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When Gov. Gretchen Whitmer proposed a 6-percent income tax on small businesses in early March, business lobbying groups and Republican lawmakers slammed it faster than you can say “lost decade.”
The Michigan Chamber of Commerce called the proposed tax “alarming” and “a disaster for small business owners and jobs.”
The Small Business Association of Michigan said the tax would mark “a return to Michigan’s troubled past.”
The National Federation of Independent Business-Michigan said Whitmer’s plan would “bring back the confiscatory tax policies of the past that included the Single Business Tax and the Michigan Business Tax.”
And state Senate Majority Leader Mike Shirkey said the proposed tax was “doubling down on stupid.”
Nonsense. None of these business groups and lawmakers offered any evidence in their denunciations that raising state business taxes hurts job growth and the economy.
That’s because they can’t. State corporate income taxes aren’t a big enough share of overall business costs to have much of an impact on jobs.
“It’s de minimis” — too small to make a difference, said Mitch Bean, the former director of the nonpartisan House Fiscal Agency.
Michigan had higher annual payroll job growth in the 1990s, a time when businesses paid the reviled, complex SBT, then it did during Gov. Rick Snyder’s eight years in office, when only large “C” corporations paid state business income taxes.
The state added an average of 88,000 jobs a year during the nine years of economic expansion between 1991 and 2000. That compares to an annual average of 69,400 jobs between 2010 at the bottom of the Great Recession through 2018.
Yes, the state lost jobs every year during the 2000s — the “lost decade” — a time when businesses paid the MBT, which taxed business income and gross receipts. But the reason for the economic swoon was primarily because the domestic auto industry went into a decade-long freefall, dragging down the rest of Michigan, as well.
Gov. Rick Snyder and the Republican-controlled Legislature revamped the state’s business tax structure in 2011 by scrapping the MBT and instituting a 6 percent corporate income tax on large “C” corporations, which have shareholders.
Partnerships, limited liability corporations and “S” corporations were exempted from paying the corporate income tax. Snyder called the tax overhaul “simple, fair and efficient.”
Overall, businesses received a roughly $2 billion tax cut. The tax cut was paid for by a mix of budget cuts and tax increases on individuals, including removing the exemption on retirement income.
Whitmer wants to shift the tax burden from retirees to back to businesses.
Her plan would levy a 6-percent income tax on these “pass-through” businesses, in which owners report business income on their personal tax returns. Michigan’s personal income tax rate is 4.25 percent.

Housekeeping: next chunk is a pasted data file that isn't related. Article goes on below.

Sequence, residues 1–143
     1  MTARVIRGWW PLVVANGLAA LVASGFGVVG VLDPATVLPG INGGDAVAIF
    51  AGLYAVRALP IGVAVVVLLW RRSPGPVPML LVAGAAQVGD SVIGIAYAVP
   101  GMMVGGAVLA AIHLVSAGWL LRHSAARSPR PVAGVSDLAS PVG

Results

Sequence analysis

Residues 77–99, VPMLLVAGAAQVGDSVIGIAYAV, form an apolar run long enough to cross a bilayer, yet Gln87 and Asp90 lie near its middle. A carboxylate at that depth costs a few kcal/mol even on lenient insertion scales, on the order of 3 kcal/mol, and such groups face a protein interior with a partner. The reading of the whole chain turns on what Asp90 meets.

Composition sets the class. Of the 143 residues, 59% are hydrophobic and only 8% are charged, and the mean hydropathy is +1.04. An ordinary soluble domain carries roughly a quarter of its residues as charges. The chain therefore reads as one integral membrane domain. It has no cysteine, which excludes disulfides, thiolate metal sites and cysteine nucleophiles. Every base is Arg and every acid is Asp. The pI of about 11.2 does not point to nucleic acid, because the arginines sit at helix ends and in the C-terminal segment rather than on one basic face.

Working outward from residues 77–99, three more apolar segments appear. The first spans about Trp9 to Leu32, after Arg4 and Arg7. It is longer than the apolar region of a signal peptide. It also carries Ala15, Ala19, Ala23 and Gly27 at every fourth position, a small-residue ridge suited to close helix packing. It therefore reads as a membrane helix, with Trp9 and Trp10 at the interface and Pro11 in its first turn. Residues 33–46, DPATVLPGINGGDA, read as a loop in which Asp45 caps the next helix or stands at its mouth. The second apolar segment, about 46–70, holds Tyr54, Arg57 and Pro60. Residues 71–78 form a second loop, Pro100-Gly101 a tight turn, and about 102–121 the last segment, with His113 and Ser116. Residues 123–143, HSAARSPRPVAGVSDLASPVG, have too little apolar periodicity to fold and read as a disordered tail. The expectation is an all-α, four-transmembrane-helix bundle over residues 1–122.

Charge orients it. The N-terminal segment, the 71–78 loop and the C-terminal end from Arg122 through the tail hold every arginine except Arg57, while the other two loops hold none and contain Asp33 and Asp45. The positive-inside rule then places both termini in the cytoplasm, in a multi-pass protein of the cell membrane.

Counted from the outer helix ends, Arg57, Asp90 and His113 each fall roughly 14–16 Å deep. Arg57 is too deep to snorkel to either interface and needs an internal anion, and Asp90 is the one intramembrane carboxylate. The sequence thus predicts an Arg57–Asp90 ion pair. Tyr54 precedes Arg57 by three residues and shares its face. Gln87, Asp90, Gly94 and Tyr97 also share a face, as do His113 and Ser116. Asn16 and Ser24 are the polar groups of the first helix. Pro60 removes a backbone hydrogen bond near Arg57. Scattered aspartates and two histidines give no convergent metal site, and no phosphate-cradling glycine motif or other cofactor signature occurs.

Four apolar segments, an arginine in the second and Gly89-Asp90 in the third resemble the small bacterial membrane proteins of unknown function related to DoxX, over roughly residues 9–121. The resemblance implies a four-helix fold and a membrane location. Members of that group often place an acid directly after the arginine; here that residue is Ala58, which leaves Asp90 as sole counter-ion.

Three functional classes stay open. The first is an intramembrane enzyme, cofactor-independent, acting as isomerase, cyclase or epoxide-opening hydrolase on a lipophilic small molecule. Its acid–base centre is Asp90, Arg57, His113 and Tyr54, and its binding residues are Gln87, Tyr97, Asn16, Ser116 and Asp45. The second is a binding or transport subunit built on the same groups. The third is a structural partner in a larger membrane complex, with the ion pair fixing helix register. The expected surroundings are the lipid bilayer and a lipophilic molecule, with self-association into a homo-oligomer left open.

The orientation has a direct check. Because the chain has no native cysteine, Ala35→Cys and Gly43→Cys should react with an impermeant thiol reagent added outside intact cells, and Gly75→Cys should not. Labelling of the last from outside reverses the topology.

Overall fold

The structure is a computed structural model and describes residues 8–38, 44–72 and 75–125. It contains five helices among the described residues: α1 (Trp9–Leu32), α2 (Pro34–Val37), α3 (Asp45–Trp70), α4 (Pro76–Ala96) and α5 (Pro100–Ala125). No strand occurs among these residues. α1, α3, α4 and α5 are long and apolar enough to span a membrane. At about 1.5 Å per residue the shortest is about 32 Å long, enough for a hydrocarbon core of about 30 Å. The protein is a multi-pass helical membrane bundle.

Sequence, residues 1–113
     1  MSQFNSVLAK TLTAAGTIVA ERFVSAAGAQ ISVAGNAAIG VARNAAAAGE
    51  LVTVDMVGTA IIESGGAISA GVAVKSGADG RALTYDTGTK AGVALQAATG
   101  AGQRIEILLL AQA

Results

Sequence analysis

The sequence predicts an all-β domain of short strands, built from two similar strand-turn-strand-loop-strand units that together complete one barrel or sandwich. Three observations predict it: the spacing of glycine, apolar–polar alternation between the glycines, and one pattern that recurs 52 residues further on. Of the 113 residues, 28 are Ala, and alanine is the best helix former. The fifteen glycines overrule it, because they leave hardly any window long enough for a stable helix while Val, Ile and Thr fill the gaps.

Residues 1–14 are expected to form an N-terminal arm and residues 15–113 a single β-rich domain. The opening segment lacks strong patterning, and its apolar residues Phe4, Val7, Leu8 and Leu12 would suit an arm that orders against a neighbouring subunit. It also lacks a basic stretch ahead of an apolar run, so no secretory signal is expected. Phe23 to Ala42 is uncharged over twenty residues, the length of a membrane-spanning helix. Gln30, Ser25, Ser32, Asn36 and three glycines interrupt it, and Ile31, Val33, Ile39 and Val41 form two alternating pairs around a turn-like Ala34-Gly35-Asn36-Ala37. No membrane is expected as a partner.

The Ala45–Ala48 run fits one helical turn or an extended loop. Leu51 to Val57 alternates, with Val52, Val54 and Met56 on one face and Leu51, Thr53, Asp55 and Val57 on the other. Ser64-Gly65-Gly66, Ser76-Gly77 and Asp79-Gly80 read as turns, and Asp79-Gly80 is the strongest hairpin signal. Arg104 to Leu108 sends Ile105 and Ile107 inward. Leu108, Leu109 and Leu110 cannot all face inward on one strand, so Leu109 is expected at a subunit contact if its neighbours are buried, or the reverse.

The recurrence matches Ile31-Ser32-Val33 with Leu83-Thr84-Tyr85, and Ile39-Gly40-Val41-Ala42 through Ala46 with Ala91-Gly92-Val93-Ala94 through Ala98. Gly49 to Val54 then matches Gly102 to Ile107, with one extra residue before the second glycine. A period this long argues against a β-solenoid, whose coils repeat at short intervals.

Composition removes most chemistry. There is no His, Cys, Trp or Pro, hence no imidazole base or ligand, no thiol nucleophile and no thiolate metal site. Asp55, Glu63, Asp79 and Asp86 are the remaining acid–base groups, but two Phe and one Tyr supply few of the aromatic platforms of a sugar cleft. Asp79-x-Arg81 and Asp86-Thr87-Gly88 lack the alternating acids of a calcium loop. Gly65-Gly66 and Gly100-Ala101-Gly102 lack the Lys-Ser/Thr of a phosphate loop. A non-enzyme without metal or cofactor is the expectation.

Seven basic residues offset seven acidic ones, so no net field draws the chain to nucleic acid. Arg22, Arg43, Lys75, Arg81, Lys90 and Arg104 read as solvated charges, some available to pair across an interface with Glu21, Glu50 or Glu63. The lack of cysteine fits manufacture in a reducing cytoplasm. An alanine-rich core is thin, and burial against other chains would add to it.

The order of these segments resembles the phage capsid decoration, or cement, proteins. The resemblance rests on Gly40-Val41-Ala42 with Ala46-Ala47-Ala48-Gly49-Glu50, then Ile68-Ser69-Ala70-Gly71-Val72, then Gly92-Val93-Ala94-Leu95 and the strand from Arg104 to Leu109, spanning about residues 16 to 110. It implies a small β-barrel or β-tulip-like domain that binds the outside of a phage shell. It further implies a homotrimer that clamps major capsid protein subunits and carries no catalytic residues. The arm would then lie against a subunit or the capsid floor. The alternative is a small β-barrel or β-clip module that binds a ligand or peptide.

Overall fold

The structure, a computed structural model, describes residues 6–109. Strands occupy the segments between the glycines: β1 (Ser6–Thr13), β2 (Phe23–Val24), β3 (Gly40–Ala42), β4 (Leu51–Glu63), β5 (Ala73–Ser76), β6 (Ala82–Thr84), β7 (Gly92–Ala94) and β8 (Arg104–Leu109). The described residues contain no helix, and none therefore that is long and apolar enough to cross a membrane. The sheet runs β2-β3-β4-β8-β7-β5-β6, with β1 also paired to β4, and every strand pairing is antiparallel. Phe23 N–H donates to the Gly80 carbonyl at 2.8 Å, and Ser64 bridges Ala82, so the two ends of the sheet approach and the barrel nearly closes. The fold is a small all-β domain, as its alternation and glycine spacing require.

But the impact of the new business tax would be largely offset by allowing pass-through business owners to take a 4.25 percent credit for business income on their personal returns, avoiding double taxation of business income.
That would result in an effective business tax rate of 1.75 percent. About 250,000 mostly small businesses would be subject to the tax. A tax credit on the first $50,000 in income would shield many of the smallest businesses from tax liability.
The tax hike would be coupled with the elimination of the so-called “pension tax” that Whitmer vowed to abolish during her gubernatorial campaign. That shift would result in a net state revenue loss of $133 million over the next two years.
Several economists I spoke with told me taxing pass-through businesses would increase tax fairness and recognize that they benefit from a variety of state government services, including schools, universities and transportation infrastructure.
“One argument in favor of taxes on business income is that businesses do receive a variety of benefits and they should pay something,” said Michigan State University economist Charles Ballard, who has written several books on Michigan’s economy.
And Tim Bartik, senior economist at the Upjohn Institute for Employment Research, said Whitmer’s plans to boost education and road funding “have far more significant long-run economic development benefits than the costs due to the relatively slight business tax increases we’re talking about.”
But Ballard and Bartik disagree with Whitmer’s plan to exempt retirement income from personal income taxes, in line with the belief of many economists that all types of income should be taxed to promote fairness.
“The proposed system will provide no benefits to low-income retirees, but will shower benefits on affluent retirees,” Ballard said.
But eliminating the tax on retirement income is politically popular in Lansing, even among many Republicans, who control the state Legislature.
Boosting taxes on small businesses isn’t. And these businesses have powerful lobbyists who often prevail by arguing that higher business taxes kill jobs. Even if it’s not true.
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